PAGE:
The most “fun” album I heard this year, and an impressive debut from these Glasgow synth poppers. They aren’t doing anything that hasn’t been done before, but the world is always in need of catchy dancey synth songs, and this album has that in spades. I anticipate “The Mother We Share” and “Gun” remaining fixtures on my party playlists for a long time to come.

9. Darkside- Psychic
I’m not the biggest fan of recent trends in electronic music, but Darkside made an electronic album that resonated with me tremendously—probably because they incorporate some rock and roll aspects into their sound. This album has some fantastic grooves throughout. Sounds particularly good late at night.

8. Majical Cloudz- Impersonator
This is one of the more original albums I heard this year. It’s a synthpop album, but I’ve never heard an album in this genre that is so…unsettling. This is not a dance record—more of a confessional singer-songwriter album that is uncomfortably (but fascinatingly) intimate at times. Alluring stuff.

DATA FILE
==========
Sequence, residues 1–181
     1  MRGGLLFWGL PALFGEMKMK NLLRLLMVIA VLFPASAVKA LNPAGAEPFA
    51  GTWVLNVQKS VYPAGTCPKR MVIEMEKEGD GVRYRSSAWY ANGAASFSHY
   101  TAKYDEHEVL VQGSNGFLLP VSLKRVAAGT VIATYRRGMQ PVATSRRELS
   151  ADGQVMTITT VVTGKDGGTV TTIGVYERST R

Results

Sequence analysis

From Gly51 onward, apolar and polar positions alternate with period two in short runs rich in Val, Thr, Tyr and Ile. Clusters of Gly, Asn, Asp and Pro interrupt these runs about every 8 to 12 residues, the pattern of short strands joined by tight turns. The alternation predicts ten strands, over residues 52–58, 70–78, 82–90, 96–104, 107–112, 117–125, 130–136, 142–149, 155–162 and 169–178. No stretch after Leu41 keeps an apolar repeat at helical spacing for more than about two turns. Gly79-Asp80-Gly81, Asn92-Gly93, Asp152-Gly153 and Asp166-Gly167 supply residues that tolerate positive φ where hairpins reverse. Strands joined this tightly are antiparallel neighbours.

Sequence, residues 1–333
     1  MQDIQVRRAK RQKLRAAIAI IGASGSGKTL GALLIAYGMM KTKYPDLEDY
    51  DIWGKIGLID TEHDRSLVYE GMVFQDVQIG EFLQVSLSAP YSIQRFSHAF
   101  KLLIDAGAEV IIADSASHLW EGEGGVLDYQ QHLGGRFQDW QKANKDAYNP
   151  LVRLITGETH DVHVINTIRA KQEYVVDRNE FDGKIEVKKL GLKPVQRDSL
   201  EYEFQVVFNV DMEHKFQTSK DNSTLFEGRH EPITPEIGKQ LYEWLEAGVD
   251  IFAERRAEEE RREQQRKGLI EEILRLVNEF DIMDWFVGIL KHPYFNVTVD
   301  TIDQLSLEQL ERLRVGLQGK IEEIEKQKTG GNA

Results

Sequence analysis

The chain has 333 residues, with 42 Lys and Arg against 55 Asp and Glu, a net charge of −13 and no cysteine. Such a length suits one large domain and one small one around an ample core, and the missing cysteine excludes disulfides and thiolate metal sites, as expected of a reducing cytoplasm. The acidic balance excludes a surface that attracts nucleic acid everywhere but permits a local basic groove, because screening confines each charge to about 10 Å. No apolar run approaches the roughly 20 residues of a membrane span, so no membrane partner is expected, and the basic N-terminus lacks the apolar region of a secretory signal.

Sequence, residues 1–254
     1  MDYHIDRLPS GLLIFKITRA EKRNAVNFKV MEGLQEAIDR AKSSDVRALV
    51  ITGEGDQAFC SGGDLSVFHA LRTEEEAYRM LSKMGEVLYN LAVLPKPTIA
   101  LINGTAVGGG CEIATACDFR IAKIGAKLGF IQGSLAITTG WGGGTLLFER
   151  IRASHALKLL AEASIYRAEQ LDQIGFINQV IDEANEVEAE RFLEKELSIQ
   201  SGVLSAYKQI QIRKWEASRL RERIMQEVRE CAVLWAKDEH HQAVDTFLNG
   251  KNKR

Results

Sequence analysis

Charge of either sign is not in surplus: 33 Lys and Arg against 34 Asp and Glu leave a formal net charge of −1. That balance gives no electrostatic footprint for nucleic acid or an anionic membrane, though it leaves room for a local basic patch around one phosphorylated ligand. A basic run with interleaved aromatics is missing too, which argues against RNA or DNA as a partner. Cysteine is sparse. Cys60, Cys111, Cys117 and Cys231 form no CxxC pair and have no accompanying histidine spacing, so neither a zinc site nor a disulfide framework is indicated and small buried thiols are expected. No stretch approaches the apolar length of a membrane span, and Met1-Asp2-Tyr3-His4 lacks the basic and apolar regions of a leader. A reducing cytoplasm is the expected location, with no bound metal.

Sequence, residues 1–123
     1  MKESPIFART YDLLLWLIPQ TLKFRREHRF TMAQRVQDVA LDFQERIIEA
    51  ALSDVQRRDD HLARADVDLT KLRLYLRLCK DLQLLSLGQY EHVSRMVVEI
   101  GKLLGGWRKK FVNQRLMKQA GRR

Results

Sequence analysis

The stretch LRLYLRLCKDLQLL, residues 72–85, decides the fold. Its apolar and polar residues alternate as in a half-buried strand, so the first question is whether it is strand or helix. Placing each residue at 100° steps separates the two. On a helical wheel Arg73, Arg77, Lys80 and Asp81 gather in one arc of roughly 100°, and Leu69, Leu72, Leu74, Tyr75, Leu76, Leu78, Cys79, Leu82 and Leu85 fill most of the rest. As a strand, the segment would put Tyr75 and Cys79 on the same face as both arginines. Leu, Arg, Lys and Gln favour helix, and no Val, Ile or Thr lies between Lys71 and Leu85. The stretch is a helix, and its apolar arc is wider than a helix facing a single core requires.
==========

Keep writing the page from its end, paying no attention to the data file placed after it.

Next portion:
7. Torres- Torres
I probably have a somewhat irrational love for this album due to having a lovely conversation with the main lady in this band after a show at the Empty Bottle and having her tell me “you have no idea how much that means to me” when I told her that her album was the best thing I’d heard all year (which was true at that point- this was back in February). Anyway, it’s no longer the best thing I’ve heard this year but it does hold up as a very well constructed singer-songwriter album with a nice mixture of both intense and beautiful moments. If you like Fiona Apple you’d probably appreciate this record.